The importance of sleep for work and life cannot be overstated. Many people feel that they sleep at night in order to work during the day. The reality is that while eating during the day is the body replenishing its energy, sleeping at night is the process of the spirit replenishing itself.
So, in order for the spirit to replenish itself healthily and properly, it is important not to do or eat things that are not conducive to sleep during the day, and to sleep well at night.
The effect of colour on the human body
Our bodies are selectively absorbing certain energies along with wearing different coloured clothes and sleeping with different coloured bedding. When it comes to the relationship between sleep and colour, what colours are used in the bedroom to help us sleep well? In fact, colour has a great impact on the physiology and psychology of people.
From a colour science perspective, the interpretation of colour should be understood in three ways: one is hue, one is luminosity and one is purity. Hue is the colour spectrum, which is red, orange, yellow, green, blue and violet. Foreign colour research has concluded that cooler shades of colour, such as green, blue and purple, are the most suitable colours for sleep and rest.
This is because unlike red, orange and yellow, which produce strong visual stimulation, these colours make us feel calm. Green tones, in particular, are the least stimulating for sleep and most comfortable when the eyes are exposed to light waves. Many people work mainly on computers and experts recommend looking at green when you are tired, at grass and woods to relax your vision.
What colours help you sleep
It is well known that green has a special significance when it comes to promoting environmental protection. In fact, green is also a colour that helps with sleep, followed by blue, which is the most stable and calming and is the colour that suppresses adrenal hormones. Many psychologists and medical practitioners often associate blue with dormancy, which they consider to be the best colour for sleep.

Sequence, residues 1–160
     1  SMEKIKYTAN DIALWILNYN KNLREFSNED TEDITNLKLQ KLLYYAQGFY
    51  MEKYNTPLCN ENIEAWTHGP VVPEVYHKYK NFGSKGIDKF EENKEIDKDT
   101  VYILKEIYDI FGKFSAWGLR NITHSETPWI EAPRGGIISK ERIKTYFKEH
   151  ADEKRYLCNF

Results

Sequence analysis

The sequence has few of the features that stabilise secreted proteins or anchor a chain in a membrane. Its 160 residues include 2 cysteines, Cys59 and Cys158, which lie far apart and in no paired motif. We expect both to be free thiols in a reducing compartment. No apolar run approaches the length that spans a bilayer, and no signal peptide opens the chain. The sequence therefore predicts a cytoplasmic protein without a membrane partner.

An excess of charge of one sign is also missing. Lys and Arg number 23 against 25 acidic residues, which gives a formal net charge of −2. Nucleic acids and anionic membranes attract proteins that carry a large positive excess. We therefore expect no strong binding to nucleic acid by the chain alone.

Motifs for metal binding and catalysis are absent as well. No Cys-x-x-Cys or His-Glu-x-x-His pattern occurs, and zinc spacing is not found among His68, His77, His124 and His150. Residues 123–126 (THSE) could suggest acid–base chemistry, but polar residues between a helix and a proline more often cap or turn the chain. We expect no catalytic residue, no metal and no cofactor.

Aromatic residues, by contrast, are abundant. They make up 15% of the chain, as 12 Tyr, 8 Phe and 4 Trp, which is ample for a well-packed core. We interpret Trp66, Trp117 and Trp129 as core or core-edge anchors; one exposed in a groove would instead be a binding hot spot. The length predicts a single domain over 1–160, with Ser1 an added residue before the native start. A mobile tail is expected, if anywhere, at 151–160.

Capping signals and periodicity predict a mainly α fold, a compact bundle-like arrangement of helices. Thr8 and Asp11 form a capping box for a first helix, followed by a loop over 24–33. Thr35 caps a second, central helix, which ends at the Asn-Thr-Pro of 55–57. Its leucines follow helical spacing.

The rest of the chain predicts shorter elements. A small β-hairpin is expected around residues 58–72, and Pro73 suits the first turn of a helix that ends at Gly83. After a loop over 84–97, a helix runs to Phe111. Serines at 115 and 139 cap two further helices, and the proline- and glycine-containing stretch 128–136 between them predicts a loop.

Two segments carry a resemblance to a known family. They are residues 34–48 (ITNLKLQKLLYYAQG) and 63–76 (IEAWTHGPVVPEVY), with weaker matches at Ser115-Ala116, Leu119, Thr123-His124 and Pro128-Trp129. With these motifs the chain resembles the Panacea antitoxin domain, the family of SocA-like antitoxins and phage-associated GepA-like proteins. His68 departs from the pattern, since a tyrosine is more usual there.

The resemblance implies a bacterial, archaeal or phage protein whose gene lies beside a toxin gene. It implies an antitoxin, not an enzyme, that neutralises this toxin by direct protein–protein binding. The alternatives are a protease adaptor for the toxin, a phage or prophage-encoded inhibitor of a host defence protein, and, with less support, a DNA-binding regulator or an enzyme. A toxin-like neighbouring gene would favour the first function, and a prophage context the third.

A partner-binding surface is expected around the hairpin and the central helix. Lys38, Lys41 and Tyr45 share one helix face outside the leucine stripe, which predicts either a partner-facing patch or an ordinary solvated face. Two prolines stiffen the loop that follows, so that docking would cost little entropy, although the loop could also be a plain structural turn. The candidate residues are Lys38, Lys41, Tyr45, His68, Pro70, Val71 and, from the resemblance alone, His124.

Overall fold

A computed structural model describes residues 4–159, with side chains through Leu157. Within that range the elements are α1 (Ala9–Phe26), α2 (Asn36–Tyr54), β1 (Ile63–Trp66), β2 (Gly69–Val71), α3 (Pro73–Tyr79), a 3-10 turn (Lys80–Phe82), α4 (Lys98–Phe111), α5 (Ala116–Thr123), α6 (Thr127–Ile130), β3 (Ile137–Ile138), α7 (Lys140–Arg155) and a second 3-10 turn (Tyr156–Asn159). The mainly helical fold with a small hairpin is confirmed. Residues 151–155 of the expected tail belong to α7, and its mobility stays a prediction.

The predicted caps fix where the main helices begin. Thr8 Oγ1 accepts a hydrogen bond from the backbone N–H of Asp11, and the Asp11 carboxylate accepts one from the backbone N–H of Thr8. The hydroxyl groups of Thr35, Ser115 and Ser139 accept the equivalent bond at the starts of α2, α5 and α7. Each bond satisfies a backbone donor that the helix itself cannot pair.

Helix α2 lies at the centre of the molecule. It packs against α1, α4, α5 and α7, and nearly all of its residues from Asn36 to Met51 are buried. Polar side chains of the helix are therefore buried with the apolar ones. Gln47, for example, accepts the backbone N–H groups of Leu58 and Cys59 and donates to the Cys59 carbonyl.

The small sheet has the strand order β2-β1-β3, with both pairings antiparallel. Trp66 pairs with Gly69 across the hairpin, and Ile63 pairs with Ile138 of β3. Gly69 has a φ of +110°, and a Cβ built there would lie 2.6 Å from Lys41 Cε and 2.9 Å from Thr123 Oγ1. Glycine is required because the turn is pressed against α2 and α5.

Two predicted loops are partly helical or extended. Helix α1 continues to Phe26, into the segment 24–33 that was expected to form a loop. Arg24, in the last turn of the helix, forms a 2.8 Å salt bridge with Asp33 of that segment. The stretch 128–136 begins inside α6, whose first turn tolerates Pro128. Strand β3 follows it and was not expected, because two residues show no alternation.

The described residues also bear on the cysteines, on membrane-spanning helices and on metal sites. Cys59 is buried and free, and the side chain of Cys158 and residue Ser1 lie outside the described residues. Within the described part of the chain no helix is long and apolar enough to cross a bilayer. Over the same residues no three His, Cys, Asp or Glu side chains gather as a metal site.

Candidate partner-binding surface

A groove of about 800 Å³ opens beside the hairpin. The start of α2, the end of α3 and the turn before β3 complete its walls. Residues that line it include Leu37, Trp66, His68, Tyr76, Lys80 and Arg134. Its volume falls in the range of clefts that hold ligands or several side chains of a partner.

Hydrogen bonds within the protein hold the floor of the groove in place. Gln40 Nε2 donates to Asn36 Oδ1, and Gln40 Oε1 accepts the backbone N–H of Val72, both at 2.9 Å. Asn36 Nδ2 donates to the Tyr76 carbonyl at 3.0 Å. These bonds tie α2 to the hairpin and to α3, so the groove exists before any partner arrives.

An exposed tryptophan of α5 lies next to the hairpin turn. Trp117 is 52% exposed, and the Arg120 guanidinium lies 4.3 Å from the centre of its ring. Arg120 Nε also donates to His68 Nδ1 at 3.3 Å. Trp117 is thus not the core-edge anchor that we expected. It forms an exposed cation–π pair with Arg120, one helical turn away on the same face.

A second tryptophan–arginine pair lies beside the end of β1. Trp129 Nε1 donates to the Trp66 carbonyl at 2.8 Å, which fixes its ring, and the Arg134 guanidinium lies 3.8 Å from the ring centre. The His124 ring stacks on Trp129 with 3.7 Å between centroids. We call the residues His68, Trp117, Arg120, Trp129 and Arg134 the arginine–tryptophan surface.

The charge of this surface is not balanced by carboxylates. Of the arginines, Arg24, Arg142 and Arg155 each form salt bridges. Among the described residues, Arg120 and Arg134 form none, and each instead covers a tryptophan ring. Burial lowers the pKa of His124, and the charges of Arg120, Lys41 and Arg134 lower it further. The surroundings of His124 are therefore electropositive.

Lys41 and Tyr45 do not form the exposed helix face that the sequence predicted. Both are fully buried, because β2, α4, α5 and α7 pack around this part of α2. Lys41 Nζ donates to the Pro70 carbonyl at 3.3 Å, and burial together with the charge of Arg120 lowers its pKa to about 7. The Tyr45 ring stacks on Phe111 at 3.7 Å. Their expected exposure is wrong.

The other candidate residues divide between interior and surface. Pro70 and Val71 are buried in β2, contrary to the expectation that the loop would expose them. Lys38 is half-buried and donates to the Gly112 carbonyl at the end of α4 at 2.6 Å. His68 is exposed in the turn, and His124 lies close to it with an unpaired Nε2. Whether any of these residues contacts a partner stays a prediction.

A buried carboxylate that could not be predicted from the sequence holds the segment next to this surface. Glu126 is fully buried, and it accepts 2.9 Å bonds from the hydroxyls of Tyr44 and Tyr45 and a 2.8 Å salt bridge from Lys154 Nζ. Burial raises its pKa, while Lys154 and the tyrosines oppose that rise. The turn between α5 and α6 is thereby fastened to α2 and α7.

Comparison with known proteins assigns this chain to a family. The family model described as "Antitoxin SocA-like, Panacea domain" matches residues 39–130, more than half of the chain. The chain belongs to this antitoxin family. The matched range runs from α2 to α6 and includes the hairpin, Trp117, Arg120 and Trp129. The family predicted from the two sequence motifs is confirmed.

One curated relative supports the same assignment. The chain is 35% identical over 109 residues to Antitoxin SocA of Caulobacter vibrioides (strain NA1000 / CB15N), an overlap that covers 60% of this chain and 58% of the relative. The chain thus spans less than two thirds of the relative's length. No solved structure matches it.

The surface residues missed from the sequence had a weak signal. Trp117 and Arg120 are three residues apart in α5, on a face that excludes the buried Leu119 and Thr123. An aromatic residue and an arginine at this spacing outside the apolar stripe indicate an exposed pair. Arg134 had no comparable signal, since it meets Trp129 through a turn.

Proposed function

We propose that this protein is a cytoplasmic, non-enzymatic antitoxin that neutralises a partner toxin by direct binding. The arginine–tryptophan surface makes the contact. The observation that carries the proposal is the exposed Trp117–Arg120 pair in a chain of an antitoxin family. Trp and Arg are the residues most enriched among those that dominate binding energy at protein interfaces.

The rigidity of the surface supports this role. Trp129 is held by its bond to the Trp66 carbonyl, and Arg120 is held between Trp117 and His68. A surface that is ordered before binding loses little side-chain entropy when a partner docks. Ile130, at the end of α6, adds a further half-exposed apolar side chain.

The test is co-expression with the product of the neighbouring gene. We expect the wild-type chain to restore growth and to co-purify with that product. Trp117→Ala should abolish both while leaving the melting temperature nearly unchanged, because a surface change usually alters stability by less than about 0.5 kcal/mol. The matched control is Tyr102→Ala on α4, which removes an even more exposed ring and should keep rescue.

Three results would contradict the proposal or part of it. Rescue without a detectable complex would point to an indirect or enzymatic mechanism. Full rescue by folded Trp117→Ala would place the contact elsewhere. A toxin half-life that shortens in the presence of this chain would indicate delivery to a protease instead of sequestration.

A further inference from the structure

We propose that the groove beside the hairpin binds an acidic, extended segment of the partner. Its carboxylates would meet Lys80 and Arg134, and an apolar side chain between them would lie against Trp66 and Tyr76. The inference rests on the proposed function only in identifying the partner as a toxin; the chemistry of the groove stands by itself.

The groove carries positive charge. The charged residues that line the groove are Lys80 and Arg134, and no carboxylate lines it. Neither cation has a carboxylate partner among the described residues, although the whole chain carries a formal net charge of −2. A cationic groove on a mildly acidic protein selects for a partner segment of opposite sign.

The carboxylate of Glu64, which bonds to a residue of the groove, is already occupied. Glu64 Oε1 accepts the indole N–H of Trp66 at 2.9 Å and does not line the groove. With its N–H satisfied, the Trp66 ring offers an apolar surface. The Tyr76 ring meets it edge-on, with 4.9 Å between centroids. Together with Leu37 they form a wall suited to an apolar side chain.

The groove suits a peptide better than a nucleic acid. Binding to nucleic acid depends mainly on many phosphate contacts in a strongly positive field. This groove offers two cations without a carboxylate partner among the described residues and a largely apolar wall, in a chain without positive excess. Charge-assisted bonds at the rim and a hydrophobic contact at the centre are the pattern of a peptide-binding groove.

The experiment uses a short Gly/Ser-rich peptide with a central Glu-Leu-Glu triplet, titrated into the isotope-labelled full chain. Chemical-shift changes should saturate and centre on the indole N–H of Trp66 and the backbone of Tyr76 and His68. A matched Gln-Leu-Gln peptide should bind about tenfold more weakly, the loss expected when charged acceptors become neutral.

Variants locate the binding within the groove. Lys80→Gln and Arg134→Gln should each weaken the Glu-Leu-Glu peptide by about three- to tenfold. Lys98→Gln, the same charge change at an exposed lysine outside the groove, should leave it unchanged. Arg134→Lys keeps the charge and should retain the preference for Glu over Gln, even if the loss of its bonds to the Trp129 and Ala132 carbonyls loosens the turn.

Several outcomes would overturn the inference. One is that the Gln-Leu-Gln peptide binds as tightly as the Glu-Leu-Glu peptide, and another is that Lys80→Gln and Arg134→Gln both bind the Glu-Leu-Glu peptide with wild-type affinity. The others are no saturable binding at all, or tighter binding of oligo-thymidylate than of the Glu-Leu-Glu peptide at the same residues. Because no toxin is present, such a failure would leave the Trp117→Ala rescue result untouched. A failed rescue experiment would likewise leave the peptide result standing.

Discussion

Purple is also the shortest colour in the spectrum and, according to physiologists, plays a role in pseudo-balance, stimulating or promoting drowsiness and improving the quality of sleep.
Red, orange and yellow, on the other hand, are not suitable for sleep. Red is exhilarating and can interfere with rest; yellow is the brightest colour in the spectrum and is more irritating to the eyes, also not suitable for sleep.
The French Impressionist painter Van Gogh's most typical masterpiece, "Sunflowers", uses a lot of yellow. Yellow is the most stimulating colour for the human nervous system and represents a kind of hesitation, a colour that is not suitable for humans in a dormant state.
Lighter colours are better for the rest
Shades of colour also have an effect on sleep. Generally speaking, light blues, light greens, light pinks and light yellows are colours suitable for restful sleep. These shades are elegant, subtle, dreamy and airy, and in such an environment people can easily fall asleep. Among the lighter colours, light blue is the first choice to promote sleep, followed by light green, light purple and pink, which are calming, mentally relaxing and very restful colours that have a positive effect on our sleep. According to research, light cool tones are suitable for use in the bedroom and are the sleep environment colours to use.
Many people prefer white bedrooms, but in fact white is not conducive to rest. Because white is more dazzling and stimulates the eyes, people subconsciously want a peaceful environment when they sleep, and having too much white before going to bed at night can make the pupils constrict.
In addition, colours with grey tones are also more conducive to sleep, on the contrary, saturated and very bright, big red, green, blue, purple and other colours in the bedroom is inappropriate.
Visual elements that affect sleep
The importance of the bedroom for sleep cannot be overstated. In addition to colour, other visual elements also have an impact. It is easier to relax physically and mentally in a simple, calm environment before we go to sleep. If the bedroom resembles a free market, it will certainly be "impossible to sleep this night". Overly fancy patterns can be partially decorated, just so long as they do not detract from the overall softness.
Also, materials have an impact on sleep. Highly reflective colours such as damask, including velvet in textile fabrics, as well as glass, metalwork, crystal lamps, mirrors and tiles are not suitable for the bedroom.
Lighting also has a significant impact on sleep. The human body has a melatonin hormone which, if produced in high amounts, is helpful for sleep, regulates the body and increases the immune system. If less is produced, it can affect sleep and leave it in an unhealthy state.
So what kind of light is good for melatonin production? The yellow and orange light is better, but this light should preferably be faint, as in hotel rooms where there are dim yellow floor lights that can be switched on at bedtime, which physiologically has a more sleep-promoting effect. On the contrary white light and cyan light inhibit the growth of melatonin, which is harmful to the body.